The United States supported the re-establishment of an independent and sovereign Poland 100 years ago and we proudly continue to support Poland today.
History, often not easy, is a part of who we are. Poland has experienced many difficult and dramatic historical moments as well as periods of great trials.
We Americans have also had difficult periods in our nation’s history, which we too at times struggle to discuss openly.
We face this difficult task through conversations and the exchange of ideas.
The United States perfectly understands that Poland seeks to defend its good name. We agree that phrases such as “Polish death camps” are inaccurate and hurtful.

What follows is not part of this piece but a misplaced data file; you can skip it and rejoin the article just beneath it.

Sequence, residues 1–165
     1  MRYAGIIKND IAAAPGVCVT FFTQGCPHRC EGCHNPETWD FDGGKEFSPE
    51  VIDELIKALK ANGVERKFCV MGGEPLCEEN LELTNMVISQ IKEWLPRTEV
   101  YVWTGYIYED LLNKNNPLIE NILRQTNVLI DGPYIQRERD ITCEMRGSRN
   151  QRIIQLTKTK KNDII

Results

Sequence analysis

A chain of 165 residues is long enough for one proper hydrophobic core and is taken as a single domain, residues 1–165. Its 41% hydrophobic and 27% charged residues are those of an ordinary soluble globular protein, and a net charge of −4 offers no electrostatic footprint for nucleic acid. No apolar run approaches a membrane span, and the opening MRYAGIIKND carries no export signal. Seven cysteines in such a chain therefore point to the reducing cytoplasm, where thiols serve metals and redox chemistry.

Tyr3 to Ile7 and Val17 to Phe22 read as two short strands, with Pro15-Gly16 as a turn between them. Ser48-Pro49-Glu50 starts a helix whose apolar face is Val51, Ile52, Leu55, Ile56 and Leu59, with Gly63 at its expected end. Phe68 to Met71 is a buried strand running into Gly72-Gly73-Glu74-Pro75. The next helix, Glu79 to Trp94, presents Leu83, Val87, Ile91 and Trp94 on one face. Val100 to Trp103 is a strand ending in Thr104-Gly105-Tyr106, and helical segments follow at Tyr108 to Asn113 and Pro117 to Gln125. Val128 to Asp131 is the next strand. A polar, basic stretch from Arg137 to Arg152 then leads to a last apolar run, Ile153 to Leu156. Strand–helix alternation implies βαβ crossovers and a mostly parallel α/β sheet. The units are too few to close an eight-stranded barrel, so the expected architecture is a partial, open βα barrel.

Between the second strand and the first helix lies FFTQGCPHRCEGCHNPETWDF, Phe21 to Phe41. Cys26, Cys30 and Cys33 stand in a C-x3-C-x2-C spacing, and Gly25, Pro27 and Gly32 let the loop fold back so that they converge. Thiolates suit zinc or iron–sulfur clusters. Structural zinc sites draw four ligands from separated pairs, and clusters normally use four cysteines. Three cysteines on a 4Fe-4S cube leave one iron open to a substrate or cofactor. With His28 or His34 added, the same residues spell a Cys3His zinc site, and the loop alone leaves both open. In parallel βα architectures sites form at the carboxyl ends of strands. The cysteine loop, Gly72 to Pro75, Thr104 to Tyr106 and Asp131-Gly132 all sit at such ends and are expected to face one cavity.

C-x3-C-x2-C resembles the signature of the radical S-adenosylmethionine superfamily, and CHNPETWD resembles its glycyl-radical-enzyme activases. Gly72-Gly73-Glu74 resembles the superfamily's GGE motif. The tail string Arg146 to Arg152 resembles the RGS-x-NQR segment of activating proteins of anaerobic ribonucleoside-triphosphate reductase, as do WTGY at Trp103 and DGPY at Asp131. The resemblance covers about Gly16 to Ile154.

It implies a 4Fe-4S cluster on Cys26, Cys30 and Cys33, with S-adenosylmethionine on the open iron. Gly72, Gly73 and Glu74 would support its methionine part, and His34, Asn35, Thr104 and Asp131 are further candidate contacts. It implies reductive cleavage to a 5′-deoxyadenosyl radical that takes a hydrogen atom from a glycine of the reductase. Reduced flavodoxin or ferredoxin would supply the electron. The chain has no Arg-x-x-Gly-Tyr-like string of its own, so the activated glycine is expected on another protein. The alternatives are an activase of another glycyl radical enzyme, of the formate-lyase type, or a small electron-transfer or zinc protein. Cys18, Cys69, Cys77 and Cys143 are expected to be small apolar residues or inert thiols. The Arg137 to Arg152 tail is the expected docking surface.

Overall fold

However, we need to combat them in ways that protect basic values. And for Americans, the most fundamental value is the one enshrined in our Constitution’s First Amendment, protecting freedom of speech and freedom of the press. In America, we have learned that the best antidote to painful and inaccurate words is free speech and education.
We are friends and allies. A lack of understanding between us – the closest of allies and partners – benefits only our opponents.
It is the entire world’s duty to ensure the events that took place during the Second World War and Holocaust never happen again.
We owe it to the victims, the survivors, and future generations.
Open discussion is the only way. Without dialogue, freedom of speech and freedom of the press, we won’t succeed.